Throughout the dominance of the Christian religion during this time, beer and alcohol, in general, had a major part to play in most of the everyday happenings — thanks to the acceptance of beer among other beverages a few centuries back during the previously mentioned spread of beer in Northern Europe. 

From alcohol being a supplement to everyday meals to drunkenness being regarded as a natural occurrence, the wide-scale acceptance of beer was at its peak — and with its continuing commercialization, regulations and other laws were set in place to ensure fairness in the industry. 

In 1516, the Reinheitsgebot, or the “Beer Purity Law,” was enacted in Germany. This series of regulations declared that the only ingredients that beer can consist of are water, barley, and hops. 

Astonishingly enough, the Purity Law has undergone many revisions to its stipulations — so much so that the law has been able to survive all the way up to the modern era, albeit in a relatively different version than where it started off, such as the inclusion of yeast in the list of approved ingredients which occurred during the midway point of the 1800s.

Modern Ages

As beer continued to be produced and commercialized at an outstanding pace — enough to be singled out in legal documents that have survived to this day, it wasn’t a surprise to see the beverage experience more innovations and improvements throughout the Modern Ages. 

From huge advancements in human knowledge to the age of globalization and significant developments in sectors such as economics and politics, the world was undergoing an even bigger change than it already was in the eras that came before. 

With the beginning of the Modern Ages, beer as a beverage and how it is produced would forever be revolutionized for the better.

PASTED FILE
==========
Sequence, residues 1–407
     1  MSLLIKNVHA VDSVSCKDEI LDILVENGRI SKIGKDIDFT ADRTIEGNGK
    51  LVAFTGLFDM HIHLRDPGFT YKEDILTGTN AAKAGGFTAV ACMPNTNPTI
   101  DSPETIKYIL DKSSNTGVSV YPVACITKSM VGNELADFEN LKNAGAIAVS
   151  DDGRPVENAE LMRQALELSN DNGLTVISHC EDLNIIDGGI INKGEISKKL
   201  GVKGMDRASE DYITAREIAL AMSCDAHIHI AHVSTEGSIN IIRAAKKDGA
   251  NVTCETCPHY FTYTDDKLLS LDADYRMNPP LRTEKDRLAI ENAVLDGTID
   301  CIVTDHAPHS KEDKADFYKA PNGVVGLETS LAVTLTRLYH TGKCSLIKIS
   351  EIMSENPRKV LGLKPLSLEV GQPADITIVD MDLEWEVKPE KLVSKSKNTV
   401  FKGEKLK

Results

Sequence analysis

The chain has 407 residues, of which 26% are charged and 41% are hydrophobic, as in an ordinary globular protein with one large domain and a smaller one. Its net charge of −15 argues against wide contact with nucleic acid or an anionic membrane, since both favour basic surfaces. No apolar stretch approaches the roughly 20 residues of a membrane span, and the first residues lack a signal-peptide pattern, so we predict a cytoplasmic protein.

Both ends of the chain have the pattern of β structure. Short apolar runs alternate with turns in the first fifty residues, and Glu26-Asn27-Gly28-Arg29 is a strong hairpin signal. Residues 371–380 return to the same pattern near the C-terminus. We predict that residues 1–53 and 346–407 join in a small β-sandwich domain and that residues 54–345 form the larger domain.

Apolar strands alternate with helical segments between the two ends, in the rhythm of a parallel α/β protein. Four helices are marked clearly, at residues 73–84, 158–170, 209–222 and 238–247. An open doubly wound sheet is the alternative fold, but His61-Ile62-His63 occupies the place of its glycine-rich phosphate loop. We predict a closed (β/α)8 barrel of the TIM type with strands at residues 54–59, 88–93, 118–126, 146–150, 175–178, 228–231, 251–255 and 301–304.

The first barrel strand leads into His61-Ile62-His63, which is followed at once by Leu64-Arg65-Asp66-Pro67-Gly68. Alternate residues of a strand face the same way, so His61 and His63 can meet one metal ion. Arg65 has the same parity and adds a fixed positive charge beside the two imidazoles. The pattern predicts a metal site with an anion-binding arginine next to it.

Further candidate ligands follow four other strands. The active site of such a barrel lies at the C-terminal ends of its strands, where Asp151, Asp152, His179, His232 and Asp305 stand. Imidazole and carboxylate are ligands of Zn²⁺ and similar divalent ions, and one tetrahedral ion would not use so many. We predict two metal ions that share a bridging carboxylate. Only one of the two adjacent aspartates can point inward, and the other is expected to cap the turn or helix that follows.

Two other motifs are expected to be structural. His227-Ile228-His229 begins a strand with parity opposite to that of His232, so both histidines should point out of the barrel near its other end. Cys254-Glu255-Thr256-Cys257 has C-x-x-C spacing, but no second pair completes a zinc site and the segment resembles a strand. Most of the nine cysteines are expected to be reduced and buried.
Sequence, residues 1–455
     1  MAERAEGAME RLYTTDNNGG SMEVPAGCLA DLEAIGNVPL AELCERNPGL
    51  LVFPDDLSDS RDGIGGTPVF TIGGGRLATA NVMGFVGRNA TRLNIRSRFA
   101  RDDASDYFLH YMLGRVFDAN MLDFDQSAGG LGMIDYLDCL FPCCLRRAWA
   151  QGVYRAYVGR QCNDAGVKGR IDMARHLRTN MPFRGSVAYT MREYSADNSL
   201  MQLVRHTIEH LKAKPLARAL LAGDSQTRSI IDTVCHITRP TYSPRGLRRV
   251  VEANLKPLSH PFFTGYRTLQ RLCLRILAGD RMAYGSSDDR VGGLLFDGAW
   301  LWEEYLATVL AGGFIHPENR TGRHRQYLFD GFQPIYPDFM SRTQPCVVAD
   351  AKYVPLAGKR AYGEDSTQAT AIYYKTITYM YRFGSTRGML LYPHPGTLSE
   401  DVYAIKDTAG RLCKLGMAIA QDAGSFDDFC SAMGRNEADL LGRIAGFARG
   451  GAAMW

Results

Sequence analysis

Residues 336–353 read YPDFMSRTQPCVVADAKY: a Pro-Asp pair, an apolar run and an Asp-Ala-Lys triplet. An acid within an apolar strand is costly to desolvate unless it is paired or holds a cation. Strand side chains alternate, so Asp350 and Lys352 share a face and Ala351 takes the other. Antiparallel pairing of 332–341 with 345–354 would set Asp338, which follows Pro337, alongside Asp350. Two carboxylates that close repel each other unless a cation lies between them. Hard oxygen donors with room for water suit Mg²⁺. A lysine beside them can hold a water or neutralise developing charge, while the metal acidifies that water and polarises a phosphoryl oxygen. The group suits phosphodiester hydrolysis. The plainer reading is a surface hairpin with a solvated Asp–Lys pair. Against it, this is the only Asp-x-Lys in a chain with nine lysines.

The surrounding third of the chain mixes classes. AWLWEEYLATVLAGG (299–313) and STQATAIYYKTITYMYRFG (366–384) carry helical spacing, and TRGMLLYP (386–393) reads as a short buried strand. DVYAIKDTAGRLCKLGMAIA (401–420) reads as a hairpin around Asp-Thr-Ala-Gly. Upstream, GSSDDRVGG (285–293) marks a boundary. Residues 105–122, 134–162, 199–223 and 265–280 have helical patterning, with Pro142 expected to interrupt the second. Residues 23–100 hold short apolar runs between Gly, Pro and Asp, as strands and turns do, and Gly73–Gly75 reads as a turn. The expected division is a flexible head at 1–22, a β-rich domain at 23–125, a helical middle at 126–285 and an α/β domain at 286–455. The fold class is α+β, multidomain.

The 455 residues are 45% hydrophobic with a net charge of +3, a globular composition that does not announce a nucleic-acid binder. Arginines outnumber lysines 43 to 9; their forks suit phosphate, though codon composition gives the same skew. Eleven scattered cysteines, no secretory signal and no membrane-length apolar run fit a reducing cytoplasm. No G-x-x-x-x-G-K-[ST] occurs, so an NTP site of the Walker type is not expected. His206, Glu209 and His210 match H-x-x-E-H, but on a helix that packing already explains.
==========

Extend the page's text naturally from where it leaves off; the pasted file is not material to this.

Global Trends

By the start of the 19th century, beer had made its way to the top of the list when it came to alcoholic drinks. Beer was accepted by people as the go-to beverage for occasions and social gatherings that were fit for a good time.

Conquering the world one nation at a time, beer was indeed on its way to becoming a global phenomenon. George Washington, the famous President of the United States, was known to have written his own beer recipe

In Munich, in the year 1810, the Oktoberfest festival was created by King Ludwig I of Bavaria (then Prince Ludwig) when he was married to Princess Therese of Saxony-Hildburghausen. From then on, the occasion gradually became an iconic celebration featuring the world’s largest gathering of beer lovers and brewers alike.

Surely enough, in the modern era, beer has become a global hit. And as the love for the beverage continued to grow — so did the techniques in creating the beloved drink as well.

Industrial Revolution

The Industrial Revolution was a time of rapid progress in human history. Kicking off in the 1760s, this period was the beginning of the rise of machines, which would forever change the business landscape forever. Adopting many systems, such as the use of steam and factory processes, the creation of goods was improved a lot.

Before the onset of the Industrial Revolution, the norm in the production process was using hand tools and other manual techniques. However, the invention of machines transformed most industries for the better — one of these businesses is none other than the beer industry.